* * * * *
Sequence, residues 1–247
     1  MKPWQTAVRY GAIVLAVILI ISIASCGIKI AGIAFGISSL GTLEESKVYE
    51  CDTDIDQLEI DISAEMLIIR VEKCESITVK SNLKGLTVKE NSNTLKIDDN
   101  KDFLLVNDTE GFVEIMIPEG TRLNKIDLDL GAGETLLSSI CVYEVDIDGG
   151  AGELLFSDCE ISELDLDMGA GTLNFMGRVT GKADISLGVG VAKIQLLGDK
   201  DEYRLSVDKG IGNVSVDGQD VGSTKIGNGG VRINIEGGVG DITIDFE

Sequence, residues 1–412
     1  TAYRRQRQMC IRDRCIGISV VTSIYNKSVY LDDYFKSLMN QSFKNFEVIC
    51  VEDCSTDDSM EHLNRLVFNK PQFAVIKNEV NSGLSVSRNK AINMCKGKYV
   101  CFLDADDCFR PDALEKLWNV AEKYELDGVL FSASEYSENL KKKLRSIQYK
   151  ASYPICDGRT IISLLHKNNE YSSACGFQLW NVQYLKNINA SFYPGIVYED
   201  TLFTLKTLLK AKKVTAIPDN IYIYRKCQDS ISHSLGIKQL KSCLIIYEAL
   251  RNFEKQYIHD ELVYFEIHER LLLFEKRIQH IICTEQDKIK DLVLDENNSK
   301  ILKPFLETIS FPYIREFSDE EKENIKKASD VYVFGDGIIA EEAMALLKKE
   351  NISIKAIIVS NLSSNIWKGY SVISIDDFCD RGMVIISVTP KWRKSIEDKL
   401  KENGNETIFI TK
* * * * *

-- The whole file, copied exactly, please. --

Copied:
Sequence, residues 1–247
     1  MKPWQTAVRY GAIVLAVILI ISIASCGIKI AGIAFGISSL GTLEESKVYE
    51  CDTDIDQLEI DISAEMLIIR VEKCESITVK SNLKGLTVKE NSNTLKIDDN
   101  KDFLLVNDTE GFVEIMIPEG TRLNKIDLDL GAGETLLSSI CVYEVDIDGG
   151  AGELLFSDCE ISELDLDMGA GTLNFMGRVT GKADISLGVG VAKIQLLGDK
   201  DEYRLSVDKG IGNVSVDGQD VGSTKIGNGG VRINIEGGVG DITIDFE

Sequence, residues 1–412
     1  TAYRRQRQMC IRDRCIGISV VTSIYNKSVY LDDYFKSLMN QSFKNFEVIC
    51  VEDCSTDDSM EHLNRLVFNK PQFAVIKNEV NSGLSVSRNK AINMCKGKYV
   101  CFLDADDCFR PDALEKLWNV AEKYELDGVL FSASEYSENL KKKLRSIQYK
   151  ASYPICDGRT IISLLHKNNE YSSACGFQLW NVQYLKNINA SFYPGIVYED
   201  TLFTLKTLLK AKKVTAIPDN IYIYRKCQDS ISHSLGIKQL KSCLIIYEAL
   251  RNFEKQYIHD ELVYFEIHER LLLFEKRIQH IICTEQDKIK DLVLDENNSK
   301  ILKPFLETIS FPYIREFSDE EKENIKKASD VYVFGDGIIA EEAMALLKKE
   351  NISIKAIIVS NLSSNIWKGY SVISIDDFCD RGMVIISVTP KWRKSIEDKL
   401  KENGNETIFI TK